Bone Enzyme Linked to Greater Short-Term Mortality in Dialysis Patients

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High levels of bone alkaline phosphatase (BAP) are associated with increased short-term mortality among dialysis patients, a finding that underscores the important impact of bone turnover in this population, investigators reported.

In a study led by Christiane Drechsler, MD, of Leiden University Medical Center, Leiden, the Netherlands, dialysis patients in the highest tertile of BAP level had a 5.7 times increased risk of all-cause mortality within six months compared with those in the lowest tertile, after adjusting for numerous confounders.

“Longitudinal assessments of BAP may be useful for the treatment monitoring in clinical practice in dialysis patients,” the authors concluded in the Clinical Journal of the American Society of Nephrology (2011;6:1752-1759).

The researchers observed similar associations with cardiovascular and non-cardiovascular causes of death. Compared with subjects in the lowest tertile of BAP, those in the highest tertile had a fivefold and sixfold increased risk of death from cardiovascular and non-cardiovascular causes, respectively, in adjusted analyses.

Alkaline phosphatases are enzymes that remove phosphate from proteins and nucleotides and function optimally at alkaline pH, Dr. Drechsler's group explained. Clinical studies, they pointed out, have found these enzymes to be associated with coronary artery calcification and all-cause mortality in CKD patients and those on dialysis.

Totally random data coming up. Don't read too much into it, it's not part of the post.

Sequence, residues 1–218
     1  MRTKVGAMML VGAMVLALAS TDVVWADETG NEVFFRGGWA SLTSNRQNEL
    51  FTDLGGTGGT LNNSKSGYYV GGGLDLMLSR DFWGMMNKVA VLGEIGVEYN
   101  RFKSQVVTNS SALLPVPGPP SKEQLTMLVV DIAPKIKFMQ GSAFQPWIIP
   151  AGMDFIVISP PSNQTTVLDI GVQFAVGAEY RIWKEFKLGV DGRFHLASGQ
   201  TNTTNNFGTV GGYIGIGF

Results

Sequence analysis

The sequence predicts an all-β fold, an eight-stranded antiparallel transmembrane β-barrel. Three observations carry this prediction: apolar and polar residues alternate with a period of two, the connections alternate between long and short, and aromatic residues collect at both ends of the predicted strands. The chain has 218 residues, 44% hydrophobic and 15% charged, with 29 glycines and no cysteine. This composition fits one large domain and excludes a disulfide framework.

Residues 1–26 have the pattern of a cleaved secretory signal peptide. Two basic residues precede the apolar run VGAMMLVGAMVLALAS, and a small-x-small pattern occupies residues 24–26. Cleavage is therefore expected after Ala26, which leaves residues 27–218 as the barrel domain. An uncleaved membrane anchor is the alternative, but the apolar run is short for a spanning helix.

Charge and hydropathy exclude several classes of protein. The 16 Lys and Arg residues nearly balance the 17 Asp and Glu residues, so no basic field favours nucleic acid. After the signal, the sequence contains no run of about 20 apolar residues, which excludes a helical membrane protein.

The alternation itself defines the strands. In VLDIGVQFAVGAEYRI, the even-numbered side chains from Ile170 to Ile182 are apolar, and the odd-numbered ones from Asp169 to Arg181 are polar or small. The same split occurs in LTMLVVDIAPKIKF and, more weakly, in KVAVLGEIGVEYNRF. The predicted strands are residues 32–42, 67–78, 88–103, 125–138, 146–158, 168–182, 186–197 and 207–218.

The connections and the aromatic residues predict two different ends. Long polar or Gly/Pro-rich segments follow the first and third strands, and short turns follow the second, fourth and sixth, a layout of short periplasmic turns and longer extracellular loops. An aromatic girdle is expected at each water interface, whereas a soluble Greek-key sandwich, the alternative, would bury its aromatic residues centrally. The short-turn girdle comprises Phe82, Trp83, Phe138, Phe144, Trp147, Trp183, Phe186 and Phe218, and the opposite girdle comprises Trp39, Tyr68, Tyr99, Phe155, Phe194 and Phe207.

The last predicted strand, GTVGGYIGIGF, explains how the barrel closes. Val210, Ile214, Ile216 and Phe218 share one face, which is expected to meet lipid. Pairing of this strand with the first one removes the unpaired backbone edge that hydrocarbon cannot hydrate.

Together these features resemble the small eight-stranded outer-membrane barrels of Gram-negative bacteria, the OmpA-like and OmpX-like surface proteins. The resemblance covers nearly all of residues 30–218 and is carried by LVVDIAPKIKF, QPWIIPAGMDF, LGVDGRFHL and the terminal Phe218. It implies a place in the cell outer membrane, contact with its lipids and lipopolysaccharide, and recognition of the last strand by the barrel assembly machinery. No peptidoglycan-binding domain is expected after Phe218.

Dr. Drechsler and her colleagues prospectively studied 800 patients with end-stage renal disease (ESRD). All were participants in the Netherlands Cooperative Study on the Adequacy of Dialysis, an observational prospective follow-up study. Investigators measured BAP at 12 months after the start of dialysis (baseline) and divided patients into BAP tertiles, with the first, second, and third tertiles defined as BAP levels of 12 U/L or less, 12-18 U/L, and greater than 18 U/L, respectively.

Noting that BAP levels were determined only once after dialysis initiation, the authors observed that low BAP levels may indicate that “serious attention was paid to the development and correction of secondary hyperparathyroidism during predialysis care by the attending physicians. Low BAP may thus additionally represent a surrogate parameter of the general quality of care before and during ESRD.”

In their discussion of potential study limitations, the researchers noted that their study cohort consisted of stable ESRD patients, so they cannot extrapolate their findings to ESRD patients starting dialysis.

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